TOPEKA — When Deepal Patel was violently attacked by her husband, she was afraid, in danger and unsheltered, she said. She couldn’t return home to where the attack happened, and she had limited time and money to find a new and safer place. Patel reached out to her landlord for help, who gave her choices that weren’t “real options.”

She could either stay at the home where she was attacked, pay a $300 transfer fee for a new apartment in the same complex where she’d be responsible for the old and new lease, or buyout the lease.

“None of the options were safe nor were they affordable,” Patel said. “Worst of all, they gave my abuser power and control to continue victimizing me when I was fighting to get away.”

On Wednesday, March 6, the Senate Judiciary Committee heard a bill that would enact housing protections for victims of domestic violence, sexual assault, human trafficking or stalking.

According to Senior Assistant Revisor of Statutes Jason Thompson, Senate Bill 150 would be a new section of law and consist of the following:

  • Landlords cannot deny tenancy to someone because they are a victim of domestic violence, sexual assault, human trafficking or stalking.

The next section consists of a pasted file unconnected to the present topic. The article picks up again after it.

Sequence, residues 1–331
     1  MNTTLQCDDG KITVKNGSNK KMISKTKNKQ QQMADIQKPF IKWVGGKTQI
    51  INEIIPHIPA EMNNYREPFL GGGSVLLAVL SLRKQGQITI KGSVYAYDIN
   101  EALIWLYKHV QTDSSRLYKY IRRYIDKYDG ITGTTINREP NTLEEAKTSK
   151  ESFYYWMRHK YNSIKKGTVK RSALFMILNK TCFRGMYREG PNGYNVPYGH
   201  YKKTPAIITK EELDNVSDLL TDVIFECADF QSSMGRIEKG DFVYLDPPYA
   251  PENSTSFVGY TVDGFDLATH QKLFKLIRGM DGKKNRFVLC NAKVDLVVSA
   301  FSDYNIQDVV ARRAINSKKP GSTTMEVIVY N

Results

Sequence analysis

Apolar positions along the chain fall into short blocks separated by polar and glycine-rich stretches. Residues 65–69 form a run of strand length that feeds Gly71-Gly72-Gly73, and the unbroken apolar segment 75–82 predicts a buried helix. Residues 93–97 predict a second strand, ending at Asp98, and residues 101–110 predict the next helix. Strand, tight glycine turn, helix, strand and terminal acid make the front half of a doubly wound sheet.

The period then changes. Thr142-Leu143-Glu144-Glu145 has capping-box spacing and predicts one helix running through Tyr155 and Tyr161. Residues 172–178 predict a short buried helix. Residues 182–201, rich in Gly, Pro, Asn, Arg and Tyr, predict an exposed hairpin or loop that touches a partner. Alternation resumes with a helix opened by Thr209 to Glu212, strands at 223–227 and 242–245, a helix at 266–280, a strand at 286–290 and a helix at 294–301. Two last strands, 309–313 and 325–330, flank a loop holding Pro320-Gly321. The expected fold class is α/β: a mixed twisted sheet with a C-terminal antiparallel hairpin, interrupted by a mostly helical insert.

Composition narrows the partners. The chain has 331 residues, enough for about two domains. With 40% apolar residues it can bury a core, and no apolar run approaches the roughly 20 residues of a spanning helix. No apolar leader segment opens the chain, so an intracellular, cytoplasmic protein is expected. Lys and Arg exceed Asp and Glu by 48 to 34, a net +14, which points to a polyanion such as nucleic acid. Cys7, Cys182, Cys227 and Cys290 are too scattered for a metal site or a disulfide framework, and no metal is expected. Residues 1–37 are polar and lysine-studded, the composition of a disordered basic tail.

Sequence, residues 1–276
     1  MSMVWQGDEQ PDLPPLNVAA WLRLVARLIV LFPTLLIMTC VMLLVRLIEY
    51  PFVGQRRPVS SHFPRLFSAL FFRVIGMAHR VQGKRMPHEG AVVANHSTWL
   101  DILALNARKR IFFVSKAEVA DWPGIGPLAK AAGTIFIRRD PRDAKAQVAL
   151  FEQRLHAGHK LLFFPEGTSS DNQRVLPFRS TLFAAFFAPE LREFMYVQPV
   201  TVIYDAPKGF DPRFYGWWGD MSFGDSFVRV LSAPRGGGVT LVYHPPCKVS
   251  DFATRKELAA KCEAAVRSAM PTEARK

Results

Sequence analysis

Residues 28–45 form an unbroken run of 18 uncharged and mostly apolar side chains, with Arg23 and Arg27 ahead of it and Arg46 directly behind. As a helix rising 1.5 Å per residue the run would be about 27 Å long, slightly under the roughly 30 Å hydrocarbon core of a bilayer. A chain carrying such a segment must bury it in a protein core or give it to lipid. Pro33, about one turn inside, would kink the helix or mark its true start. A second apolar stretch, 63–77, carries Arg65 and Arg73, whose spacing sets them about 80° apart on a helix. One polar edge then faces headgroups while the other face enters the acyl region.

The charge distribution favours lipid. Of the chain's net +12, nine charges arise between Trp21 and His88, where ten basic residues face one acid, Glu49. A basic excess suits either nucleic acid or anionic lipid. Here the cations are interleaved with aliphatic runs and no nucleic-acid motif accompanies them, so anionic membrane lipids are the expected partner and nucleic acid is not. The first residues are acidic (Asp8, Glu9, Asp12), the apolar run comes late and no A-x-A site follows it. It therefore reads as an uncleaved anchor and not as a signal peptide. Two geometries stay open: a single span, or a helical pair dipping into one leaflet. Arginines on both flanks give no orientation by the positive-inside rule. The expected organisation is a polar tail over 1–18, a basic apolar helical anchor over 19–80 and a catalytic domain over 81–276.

• Landlords cannot evict tenants who are victims of domestic violence, sexual assault, human trafficking or stalking.
  • Tenants are not liable for rent after they vacate the premises for the reasons listed.
  • Tenants must provide a statement, court record or document to indicate that they qualify for protections.
  • Any false information given could result in a denial of tenancy, eviction or violation.
  • Landlords can impose a reasonable termination fee on tenants, but only if the fee is within the terms of the lease agreement.
  • Definitions of “domestic violence,” “human trafficking,” “sexual assault,” and “stalking” are the same as in K.S.A 75-452, also known as the “Safe at Home” law where victims can obtain a substitute mailing address so they cannot be tracked.